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Dermatofibromas

(Benign Fibrous Histiocytomas)

By

Denise M. Aaron

, MD, Dartmouth-Hitchcock Medical Center

Last full review/revision Sep 2020| Content last modified Sep 2020

Dermatofibromas are small red-to-brown bumps that result from an accumulation of collagen, which is a protein made by the cells (fibroblasts) that populate the soft tissue under the skin.

(See also Overview of Skin Growths.)

Dermatofibromas are common among adults and usually appear as single firm bumps, often on the thighs or legs, and particularly in women. The bumps are usually less than half an inch in diameter. Some people develop many dermatofibromas.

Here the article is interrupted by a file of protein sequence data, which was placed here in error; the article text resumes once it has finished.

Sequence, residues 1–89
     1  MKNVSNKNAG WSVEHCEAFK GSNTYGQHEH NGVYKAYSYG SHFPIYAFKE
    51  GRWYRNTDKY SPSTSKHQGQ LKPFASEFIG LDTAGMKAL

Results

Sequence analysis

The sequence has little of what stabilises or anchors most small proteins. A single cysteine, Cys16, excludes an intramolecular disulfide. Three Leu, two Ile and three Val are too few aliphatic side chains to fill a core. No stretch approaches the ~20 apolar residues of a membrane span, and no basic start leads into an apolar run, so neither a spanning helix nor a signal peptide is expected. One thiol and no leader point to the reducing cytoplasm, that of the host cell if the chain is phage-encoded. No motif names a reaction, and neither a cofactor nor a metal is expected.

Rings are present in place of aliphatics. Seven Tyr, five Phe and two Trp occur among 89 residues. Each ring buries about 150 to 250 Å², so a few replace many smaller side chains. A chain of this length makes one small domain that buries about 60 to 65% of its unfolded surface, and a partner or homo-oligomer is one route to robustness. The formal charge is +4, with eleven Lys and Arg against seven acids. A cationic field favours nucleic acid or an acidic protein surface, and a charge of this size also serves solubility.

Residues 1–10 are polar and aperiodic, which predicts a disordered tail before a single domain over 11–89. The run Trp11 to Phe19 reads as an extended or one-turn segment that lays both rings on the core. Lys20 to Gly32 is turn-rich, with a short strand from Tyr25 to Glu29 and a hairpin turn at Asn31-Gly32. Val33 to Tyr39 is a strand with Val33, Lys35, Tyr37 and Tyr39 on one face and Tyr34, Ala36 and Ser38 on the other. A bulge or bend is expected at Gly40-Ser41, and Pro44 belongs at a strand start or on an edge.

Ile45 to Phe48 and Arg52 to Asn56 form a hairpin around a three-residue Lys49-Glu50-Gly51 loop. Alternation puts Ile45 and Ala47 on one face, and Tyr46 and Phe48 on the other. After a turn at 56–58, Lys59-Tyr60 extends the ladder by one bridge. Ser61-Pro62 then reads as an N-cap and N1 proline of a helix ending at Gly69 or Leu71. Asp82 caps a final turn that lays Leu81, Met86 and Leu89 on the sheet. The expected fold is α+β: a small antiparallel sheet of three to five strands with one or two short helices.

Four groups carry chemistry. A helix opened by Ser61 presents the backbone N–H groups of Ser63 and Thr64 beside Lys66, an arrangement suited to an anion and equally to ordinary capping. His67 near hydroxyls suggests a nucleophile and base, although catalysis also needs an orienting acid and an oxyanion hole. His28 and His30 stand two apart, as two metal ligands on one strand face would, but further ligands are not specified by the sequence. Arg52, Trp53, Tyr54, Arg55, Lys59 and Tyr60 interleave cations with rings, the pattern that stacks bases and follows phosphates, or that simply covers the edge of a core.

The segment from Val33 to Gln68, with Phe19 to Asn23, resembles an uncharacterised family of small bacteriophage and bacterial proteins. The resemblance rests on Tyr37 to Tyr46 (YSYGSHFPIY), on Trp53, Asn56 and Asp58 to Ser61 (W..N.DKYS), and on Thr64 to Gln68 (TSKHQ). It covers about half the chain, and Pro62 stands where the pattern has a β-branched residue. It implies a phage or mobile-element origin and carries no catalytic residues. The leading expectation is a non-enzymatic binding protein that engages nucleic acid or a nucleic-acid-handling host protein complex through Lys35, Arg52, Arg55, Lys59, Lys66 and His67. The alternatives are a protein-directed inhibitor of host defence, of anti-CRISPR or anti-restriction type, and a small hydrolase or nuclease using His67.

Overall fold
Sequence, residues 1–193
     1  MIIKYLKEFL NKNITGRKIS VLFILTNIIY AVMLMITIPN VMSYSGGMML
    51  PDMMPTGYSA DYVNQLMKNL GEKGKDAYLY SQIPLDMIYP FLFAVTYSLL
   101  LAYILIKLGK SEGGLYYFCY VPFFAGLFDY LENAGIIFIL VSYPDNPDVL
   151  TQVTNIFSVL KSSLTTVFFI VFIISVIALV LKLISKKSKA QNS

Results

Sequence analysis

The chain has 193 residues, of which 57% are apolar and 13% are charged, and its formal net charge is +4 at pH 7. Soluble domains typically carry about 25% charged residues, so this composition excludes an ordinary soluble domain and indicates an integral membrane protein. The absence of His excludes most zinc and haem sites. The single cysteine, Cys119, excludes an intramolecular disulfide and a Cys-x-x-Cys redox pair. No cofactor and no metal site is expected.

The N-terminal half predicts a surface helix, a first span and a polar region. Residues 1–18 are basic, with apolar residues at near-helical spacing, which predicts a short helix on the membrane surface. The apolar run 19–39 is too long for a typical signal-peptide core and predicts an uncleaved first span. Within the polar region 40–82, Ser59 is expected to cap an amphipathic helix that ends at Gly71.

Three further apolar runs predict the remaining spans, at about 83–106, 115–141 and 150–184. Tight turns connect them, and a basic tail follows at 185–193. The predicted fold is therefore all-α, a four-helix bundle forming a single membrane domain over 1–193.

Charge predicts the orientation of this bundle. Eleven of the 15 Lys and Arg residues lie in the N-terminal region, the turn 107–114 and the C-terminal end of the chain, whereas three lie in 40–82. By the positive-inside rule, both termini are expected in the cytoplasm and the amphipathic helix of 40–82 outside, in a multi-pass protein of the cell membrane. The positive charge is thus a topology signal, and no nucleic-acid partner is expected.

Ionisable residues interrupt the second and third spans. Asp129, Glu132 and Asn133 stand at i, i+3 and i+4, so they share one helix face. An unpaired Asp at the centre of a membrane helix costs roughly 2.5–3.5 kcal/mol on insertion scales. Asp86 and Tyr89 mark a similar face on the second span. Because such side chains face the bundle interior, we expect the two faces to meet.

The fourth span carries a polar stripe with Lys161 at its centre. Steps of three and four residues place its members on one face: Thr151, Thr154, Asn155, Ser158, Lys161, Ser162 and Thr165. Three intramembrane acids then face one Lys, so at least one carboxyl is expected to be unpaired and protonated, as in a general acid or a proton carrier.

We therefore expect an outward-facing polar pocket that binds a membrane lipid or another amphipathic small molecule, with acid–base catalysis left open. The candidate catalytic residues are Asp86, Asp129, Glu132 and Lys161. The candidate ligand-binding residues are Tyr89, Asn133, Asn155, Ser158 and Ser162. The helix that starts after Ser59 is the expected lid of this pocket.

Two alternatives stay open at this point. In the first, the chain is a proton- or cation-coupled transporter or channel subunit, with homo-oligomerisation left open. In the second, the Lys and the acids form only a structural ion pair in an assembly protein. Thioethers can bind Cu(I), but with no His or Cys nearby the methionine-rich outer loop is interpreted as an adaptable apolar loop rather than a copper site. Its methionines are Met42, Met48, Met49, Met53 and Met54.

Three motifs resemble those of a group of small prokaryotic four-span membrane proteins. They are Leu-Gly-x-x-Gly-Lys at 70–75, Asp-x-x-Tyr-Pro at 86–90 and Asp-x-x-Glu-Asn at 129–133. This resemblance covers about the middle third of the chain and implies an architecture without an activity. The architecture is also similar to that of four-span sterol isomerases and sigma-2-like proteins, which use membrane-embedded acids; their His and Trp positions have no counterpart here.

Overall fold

These harmless bumps are caused by a certain gene.

Dermatofibromas are harmless and usually do not cause any symptoms, except for occasional pain or itching.

Usually, dermatofibromas are not treated unless they become bothersome or enlarge. A doctor can surgically remove them if needed.

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